Bird Watcher’s Digest received a press release from the American Bird Conservancy that we think is worth sharing. We hope you’ll share this information, too, with your friends and family members who might not be quite so attuned to birds and other wildlife.
Beachgoers Asked to “Fish, Swim, and Play from 50 Yards Away”
Memorial Day marks the start of summer, when millions of Americans head to beaches to enjoy time in the sun. It’s not just people who flock to the shore this time of year. Many birds have already staked out their own space on the beach, choosing nesting sites on the sand and raising their young along the shoreline, in the dunes, and in nearby marshy areas. American Bird Conservancy (ABC) is urging beachgoers to be mindful of breeding birds that share our vacation spots and help coastal birds this summer.
Tips to Share the Beach and Help Coastal Birds
- Watch where you step. Beach-nesting birds lay their eggs directly on the sand, and those eggs are camouflaged to blend in with their surroundings. ABC recommends that beachgoers avoid areas where large congregations of birds occur.
- Pay attention to signs. Visitors should respect areas that are roped off or marked with signs indicating that beach-nesting birds are in the vicinity. “The habitat for these birds is diminishing every year due to beach development, erosion, climate change, and ever-increasing recreational use,” Ray said. “We have to be mindful that while the beach is a place where we go to relax and have fun, the birds have no other place to go.”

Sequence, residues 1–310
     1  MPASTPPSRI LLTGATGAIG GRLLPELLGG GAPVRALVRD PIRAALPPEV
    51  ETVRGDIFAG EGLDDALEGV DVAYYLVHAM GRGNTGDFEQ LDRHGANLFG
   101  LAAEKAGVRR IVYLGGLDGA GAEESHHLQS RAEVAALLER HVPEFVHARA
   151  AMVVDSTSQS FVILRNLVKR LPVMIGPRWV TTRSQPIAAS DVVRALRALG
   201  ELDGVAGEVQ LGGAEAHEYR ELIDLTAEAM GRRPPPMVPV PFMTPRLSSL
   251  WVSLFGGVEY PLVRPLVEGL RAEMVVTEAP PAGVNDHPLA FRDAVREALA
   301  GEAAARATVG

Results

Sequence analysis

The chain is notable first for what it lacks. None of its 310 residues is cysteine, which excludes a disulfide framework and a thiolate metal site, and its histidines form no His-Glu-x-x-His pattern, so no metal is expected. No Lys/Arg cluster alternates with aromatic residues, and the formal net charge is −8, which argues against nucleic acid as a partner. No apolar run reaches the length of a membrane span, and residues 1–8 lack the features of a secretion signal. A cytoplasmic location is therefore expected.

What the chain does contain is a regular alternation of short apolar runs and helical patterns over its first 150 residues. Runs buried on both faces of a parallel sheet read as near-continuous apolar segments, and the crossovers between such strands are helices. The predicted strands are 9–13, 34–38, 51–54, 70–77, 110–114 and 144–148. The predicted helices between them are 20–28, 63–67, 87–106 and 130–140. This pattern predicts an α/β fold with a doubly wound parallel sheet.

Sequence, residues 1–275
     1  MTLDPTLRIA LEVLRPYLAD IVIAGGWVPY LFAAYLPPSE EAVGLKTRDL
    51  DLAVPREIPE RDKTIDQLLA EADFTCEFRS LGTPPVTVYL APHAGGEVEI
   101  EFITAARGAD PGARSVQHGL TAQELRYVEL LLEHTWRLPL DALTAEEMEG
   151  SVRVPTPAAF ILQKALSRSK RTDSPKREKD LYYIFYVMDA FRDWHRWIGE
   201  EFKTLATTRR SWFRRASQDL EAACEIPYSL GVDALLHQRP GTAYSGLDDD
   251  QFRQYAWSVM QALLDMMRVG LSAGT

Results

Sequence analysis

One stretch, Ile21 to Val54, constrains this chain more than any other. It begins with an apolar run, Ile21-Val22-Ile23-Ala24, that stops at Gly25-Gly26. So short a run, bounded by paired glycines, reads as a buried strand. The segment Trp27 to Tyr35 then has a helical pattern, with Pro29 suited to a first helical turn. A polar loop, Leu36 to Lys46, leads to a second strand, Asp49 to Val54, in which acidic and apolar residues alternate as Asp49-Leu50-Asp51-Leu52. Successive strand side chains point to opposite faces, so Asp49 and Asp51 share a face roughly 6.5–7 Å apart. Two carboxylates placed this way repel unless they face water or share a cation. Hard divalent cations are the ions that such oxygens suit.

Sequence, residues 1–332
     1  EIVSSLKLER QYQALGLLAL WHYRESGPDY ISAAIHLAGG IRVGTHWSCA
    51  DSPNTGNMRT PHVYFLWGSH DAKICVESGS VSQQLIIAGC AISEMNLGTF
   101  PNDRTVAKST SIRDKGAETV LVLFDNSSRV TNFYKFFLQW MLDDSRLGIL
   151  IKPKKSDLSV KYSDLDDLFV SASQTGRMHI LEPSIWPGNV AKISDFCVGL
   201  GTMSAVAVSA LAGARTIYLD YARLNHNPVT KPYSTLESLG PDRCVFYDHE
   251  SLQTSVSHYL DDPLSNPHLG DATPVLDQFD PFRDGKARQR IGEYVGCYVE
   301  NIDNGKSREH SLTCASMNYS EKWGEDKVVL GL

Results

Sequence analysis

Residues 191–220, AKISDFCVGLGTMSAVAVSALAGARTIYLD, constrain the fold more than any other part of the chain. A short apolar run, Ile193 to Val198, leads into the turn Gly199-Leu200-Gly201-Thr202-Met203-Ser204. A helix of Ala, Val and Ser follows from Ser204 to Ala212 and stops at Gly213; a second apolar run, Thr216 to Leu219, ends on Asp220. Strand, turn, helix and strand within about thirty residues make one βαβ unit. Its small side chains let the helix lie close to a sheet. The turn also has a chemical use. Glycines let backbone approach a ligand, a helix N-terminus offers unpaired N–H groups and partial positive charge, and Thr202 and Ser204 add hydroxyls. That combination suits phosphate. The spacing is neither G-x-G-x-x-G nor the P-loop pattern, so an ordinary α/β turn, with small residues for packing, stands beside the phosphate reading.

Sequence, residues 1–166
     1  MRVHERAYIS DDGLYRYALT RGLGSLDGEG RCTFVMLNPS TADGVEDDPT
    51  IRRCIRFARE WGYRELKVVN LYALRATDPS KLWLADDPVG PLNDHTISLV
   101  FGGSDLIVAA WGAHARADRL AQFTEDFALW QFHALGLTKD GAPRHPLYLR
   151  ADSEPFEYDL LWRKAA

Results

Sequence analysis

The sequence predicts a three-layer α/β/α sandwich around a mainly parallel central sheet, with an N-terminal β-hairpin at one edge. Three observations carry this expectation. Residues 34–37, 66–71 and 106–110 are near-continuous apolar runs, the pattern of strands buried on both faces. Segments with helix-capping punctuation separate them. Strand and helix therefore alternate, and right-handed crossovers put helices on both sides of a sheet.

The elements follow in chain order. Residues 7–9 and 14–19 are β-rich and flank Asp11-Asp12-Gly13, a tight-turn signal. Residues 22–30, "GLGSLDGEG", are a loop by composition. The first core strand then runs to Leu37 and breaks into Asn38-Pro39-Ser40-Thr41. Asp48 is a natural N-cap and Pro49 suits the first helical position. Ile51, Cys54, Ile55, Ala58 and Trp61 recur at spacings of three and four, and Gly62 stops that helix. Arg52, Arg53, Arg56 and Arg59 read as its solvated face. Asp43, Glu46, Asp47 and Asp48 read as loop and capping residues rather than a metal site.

- Teach children to play responsibly and avoid nesting areas. Encourage kids to learn about and watch out for birds. Ask them to play ball and fly kites away from posted areas to avoid disturbing bird families.
- Don’t feed gulls. Feeding them draws in even more gulls, which are predators of eggs and vulnerable chicks on the ground. If they become accustomed to being fed, gulls can also become a nuisance for people.
- Keep your dogs on leashes—or at home. Free-roaming dogs can eat eggs and chicks and even kill adult birds. Dogs can also overheat at the beach, so for their safety as well as that of the birds, they may be better off at home.
- Know the cues. Beachgoers often can’t tell the difference between a bird that is simply sitting on the sand and one that is tending eggs, a nest, or baby birds. But certain signals and behaviors indicate the presence of nesting birds. “You know you’ve entered a nesting area when large groups or individual birds vocalize loudly, dive-bomb your head, or feign injury to lead you away from their nests,” Ray said. “If this happens, back away and share the beach so the birds can successfully rear their young.”
- Stay close to the water. Most nesting birds tend to use higher parts of the beach, away from the surf. It should be possible to avoid conflict with beach nesters so long as people remain close to the water and away from the dunes or areas behind dunes.
Birds of the Gulf Coast
Birds of the Atlantic Coast
Birds of the Pacific Coast
About the Author
Out There With the Birds is the official blog of Bird Watcher's Digest, featuring engaging content, commentary, and creativity from some exciting new voices. New posts appear several times a week, so please check back often!